Federal Hall

The first building on this site was constructed in 1699, as New York’s second city hall.  The original Congress, after the Revolutionary War, met here from 1785 until 1789. In 1788, the building was remodeled by Pierre L’Enfant, and was the first building in the Federal style. After the Federal government moved to Philadelphia, the building again became New York’s city hall, until 1812 when the building was torn down. In 1842, a new building in the Classical style was erected, serving as a Customs House until 1862. From then until 1920, the building was a sub-Treasury of the U.S. Treasury.

Bronze statue of George Washington, in the spot where he was inaugurated
George Washington overlooking Wall Street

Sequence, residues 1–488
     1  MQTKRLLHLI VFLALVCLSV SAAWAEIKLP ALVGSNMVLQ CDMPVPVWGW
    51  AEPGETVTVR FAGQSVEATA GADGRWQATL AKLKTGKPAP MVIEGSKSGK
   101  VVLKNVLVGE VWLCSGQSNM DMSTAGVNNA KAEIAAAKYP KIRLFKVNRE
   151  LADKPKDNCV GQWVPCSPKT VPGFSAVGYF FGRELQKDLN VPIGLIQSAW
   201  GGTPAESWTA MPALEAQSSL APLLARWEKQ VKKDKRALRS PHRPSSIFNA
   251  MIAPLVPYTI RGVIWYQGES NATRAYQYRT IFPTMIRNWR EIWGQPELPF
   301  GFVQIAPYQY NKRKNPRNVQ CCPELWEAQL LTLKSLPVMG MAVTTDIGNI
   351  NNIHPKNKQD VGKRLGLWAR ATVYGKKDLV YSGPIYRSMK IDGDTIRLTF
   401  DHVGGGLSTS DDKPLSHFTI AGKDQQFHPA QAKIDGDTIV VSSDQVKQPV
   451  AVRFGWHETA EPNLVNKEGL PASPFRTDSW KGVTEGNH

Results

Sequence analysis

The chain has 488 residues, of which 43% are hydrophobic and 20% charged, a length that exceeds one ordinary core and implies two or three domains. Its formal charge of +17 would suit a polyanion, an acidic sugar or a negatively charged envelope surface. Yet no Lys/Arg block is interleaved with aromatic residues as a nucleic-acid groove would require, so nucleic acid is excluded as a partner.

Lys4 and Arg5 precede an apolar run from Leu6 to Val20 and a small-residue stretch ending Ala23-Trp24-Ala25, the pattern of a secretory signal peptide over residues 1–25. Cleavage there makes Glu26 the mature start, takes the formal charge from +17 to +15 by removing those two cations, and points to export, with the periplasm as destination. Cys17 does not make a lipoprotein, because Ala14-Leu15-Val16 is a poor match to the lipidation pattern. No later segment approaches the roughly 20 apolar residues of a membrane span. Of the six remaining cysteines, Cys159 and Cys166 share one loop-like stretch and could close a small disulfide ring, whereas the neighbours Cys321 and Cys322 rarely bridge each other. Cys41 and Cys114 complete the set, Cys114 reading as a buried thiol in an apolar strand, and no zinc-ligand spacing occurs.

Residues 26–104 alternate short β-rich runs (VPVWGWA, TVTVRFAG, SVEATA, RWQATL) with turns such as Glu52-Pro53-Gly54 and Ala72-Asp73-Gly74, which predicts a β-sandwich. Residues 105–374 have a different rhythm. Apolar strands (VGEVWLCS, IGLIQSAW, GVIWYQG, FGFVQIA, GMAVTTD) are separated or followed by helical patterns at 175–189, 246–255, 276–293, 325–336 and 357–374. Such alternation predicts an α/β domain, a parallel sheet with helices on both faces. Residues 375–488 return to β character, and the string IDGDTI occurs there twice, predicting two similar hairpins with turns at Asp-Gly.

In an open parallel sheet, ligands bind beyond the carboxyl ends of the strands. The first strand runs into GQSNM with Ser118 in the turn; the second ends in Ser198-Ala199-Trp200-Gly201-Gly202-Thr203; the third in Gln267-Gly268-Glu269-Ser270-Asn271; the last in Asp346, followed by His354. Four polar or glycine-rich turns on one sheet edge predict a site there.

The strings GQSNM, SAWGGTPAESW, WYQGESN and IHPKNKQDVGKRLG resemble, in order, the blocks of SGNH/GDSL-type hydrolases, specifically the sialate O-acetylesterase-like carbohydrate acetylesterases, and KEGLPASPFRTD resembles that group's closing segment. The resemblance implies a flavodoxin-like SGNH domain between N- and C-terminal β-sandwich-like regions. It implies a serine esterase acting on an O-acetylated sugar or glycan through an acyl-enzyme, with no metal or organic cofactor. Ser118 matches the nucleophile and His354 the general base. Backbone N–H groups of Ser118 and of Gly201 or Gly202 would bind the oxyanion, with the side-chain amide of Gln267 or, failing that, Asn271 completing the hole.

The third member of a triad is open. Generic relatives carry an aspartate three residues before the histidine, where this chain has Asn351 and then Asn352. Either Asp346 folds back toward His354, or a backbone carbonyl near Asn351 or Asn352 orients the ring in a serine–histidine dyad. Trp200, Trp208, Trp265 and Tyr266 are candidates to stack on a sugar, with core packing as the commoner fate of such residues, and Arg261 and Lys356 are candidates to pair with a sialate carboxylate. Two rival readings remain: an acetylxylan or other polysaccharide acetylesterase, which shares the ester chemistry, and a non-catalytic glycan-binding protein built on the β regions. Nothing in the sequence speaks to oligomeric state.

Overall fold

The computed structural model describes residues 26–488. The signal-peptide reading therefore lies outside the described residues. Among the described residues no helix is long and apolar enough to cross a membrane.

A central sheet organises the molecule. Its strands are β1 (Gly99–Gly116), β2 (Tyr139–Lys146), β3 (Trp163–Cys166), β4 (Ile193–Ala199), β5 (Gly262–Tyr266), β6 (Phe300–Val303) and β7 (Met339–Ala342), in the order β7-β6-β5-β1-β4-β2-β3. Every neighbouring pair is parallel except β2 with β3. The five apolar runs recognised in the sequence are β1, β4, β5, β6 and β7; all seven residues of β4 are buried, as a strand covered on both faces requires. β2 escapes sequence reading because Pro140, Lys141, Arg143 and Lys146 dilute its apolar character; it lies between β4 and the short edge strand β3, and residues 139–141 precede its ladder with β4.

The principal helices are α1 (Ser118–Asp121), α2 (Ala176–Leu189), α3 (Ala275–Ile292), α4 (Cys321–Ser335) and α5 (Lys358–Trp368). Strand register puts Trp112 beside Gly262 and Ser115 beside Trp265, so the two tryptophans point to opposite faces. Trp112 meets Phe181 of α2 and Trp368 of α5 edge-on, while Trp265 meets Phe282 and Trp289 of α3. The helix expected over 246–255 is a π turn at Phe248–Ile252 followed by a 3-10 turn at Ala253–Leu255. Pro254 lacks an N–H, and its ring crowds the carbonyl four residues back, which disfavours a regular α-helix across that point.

Flag Exchange is an art project by Mel Ziegler, displayed in Federal Hall. Ziegler went to all 50 states and took a flying flag that was in a distressed state, and then replaced it with a new flag. These are the 50 distressed flags he took.

This vault off the rotunda of Federal Hall was part of the U.S. Treasury warehouse for storing money in the 1860’s and 1870’s. Stronger and larger vaults were built in the basement as the money supply increased.
This vault at Federal Hall contained imported goods in the 1800’s, when this building served as a customs house.

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